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Wave Propagation in Inhomogeneous Media

We saw in Section 7.6 that if a wave is normally incident at an interface between two media of substantially different impedances then a significant fraction of the wave energy is reflected. Moreover, this reflection takes place in such a manner that the net energy flux on either side of the interface is the same. On the other hand, if the two media have similar impedances then the reflected energy fraction is small. In this case, the incident and transmitted waves have the same frequency (since this property of the waves is determined by the source) but slightly different wavenumbers (assuming that the characteristic wave propagation speeds on either side of the interface are slightly different). Suppose that a wave travels though a medium whose impedance and characteristic wave propagation speed are slowly varying functions of position. We would expect such a wave to propagate through the medium without significant reflection. Moreover, the frequency of the wave should remain fixed, whilst its wavenumber slowly varies with position, in accordance with the dispersion relation. Finally, the amplitude of the wave should vary slowly with position in such a manner that the energy flux remains constant. Let us investigate further.

Suppose that the medium has a characteristic wave propagation speed $ v(x)$ , and a wave impedance $ Z(x)$ . The local wave dispersion relation is assumed to take the form

$\displaystyle \omega= k(x)\,v(x).$ (521)

Hence, at fixed wave frequency, the wavenumber varies with position as

$\displaystyle k(x) = \frac{\omega}{v(x)}.$ (522)

If $ \phi(x,t)$ is the phase of the wave then the the most general definitions of angular frequency and wavenumber are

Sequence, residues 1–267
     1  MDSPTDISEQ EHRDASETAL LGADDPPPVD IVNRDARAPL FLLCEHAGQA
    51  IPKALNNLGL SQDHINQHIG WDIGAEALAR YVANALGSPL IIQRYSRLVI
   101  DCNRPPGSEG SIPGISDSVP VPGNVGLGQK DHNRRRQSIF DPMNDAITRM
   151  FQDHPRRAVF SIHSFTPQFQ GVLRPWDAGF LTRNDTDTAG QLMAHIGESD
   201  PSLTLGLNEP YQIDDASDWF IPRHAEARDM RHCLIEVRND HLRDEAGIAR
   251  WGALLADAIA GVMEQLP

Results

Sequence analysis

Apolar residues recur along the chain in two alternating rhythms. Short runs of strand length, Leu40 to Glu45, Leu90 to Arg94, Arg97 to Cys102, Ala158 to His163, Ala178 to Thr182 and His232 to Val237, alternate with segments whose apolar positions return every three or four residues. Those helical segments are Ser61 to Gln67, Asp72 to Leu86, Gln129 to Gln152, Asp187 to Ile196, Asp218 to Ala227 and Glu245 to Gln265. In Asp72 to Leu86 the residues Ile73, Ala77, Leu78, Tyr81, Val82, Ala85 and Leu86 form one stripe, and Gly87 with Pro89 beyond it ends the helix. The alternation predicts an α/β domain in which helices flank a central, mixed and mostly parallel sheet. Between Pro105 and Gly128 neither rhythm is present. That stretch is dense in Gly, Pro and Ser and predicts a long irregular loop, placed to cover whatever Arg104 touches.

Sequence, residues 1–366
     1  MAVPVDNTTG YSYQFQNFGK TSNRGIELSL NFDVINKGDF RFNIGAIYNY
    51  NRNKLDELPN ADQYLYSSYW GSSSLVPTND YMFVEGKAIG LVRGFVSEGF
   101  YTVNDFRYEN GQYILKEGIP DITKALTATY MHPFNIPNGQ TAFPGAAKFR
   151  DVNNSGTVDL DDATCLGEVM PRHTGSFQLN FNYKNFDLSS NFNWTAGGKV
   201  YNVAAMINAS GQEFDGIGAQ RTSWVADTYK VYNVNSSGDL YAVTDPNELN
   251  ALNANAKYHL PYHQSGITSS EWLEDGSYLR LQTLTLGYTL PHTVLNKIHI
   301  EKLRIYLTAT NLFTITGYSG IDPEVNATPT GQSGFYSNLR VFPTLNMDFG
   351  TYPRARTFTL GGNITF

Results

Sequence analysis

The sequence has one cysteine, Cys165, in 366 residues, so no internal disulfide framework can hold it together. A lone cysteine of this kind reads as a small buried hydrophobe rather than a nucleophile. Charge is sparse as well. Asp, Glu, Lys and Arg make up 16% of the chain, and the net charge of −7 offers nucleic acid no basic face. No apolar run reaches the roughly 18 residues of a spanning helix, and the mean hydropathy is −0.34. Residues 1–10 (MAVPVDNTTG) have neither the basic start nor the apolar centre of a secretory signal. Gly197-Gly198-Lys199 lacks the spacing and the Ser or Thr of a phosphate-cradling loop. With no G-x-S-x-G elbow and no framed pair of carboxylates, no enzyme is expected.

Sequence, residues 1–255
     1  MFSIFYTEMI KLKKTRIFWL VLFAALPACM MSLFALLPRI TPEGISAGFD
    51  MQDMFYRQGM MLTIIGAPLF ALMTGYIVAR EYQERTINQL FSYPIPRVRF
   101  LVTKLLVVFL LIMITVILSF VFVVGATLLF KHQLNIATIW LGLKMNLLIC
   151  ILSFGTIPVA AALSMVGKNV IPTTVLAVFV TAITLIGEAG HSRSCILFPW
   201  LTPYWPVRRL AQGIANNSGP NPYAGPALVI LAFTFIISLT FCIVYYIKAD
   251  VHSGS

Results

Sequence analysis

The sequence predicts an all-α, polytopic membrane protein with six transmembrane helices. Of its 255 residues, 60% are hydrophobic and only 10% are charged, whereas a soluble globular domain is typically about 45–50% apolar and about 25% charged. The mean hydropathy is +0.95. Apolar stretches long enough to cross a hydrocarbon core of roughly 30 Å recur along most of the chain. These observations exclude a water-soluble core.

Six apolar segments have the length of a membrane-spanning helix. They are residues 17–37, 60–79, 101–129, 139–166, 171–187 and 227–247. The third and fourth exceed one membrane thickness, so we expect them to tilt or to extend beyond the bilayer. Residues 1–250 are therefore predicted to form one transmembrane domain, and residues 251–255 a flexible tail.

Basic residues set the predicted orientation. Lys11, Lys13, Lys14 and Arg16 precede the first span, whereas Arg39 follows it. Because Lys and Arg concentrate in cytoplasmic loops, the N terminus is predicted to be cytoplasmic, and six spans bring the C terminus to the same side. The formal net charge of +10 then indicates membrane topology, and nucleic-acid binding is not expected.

$\displaystyle \omega$ $\displaystyle = \frac{\partial\phi}{\partial t},$ (523)
$\displaystyle k$ $\displaystyle = -\frac{\partial\phi}{\partial x},$ (524)

respectively. (See Section 10.6.) It follows that, in the present case,

$\displaystyle \phi(x,t) = \omega\left(t-\int^x\left[v(x')\right]^{-1} dx'\right).$ (525)

Hence, the wavefunction can be written

$\displaystyle \psi(x,t) = A(x) \cos[\phi(x,t)]= A(x) \cos\left[ \omega\left(t-\int^x\left[v(x')\right]^{-1} dx'\right)\right],$ (526)

where $ A(x)$ is the wave amplitude. The mean energy flux associated with the wave is

$\displaystyle \langle {\cal I}\rangle = \frac{1}{2} \omega^{ 2} Z(x)\left[A(x)\right]^{ 2}.$ (527)

(See Section 7.4.) We would expect this flux to be position independent (otherwise, energy would not be conserved), which implies that $ A(x)\propto [Z(x)]^{-1/2}$ . Thus, we obtain

$\displaystyle \psi(x,t) = \frac{A_0}{[Z(x)]^{1/2}} \cos\left[ \omega\left(t-\int^x\left[v(x')\right]^{-1} dx'\right)\right],$ (528)

where $ A_0$ is a constant. The previous expression, which is known as the WKB solution (WKB stands for Wentzel-Kramers-Brillouin), is not exact. However, it can be demonstrated that the WKB solution is a good approximation to the true solution of the inhomogeneous wave equation in the limit that the variations in $ v(x)$ and $ Z(x)$ take place on lengthscales that are much longer than the wavelength of the wave (Schiff 1955). On the other hand, the WKB solution breaks down completely if the variations in $ v(x)$ and $ Z(x)$ take place on lengthscales smaller than, or similar to, the wavelength.


next up previous
Next: Exercises Up: Traveling Waves Previous: Doppler Effect
Richard Fitzpatrick 2013-04-08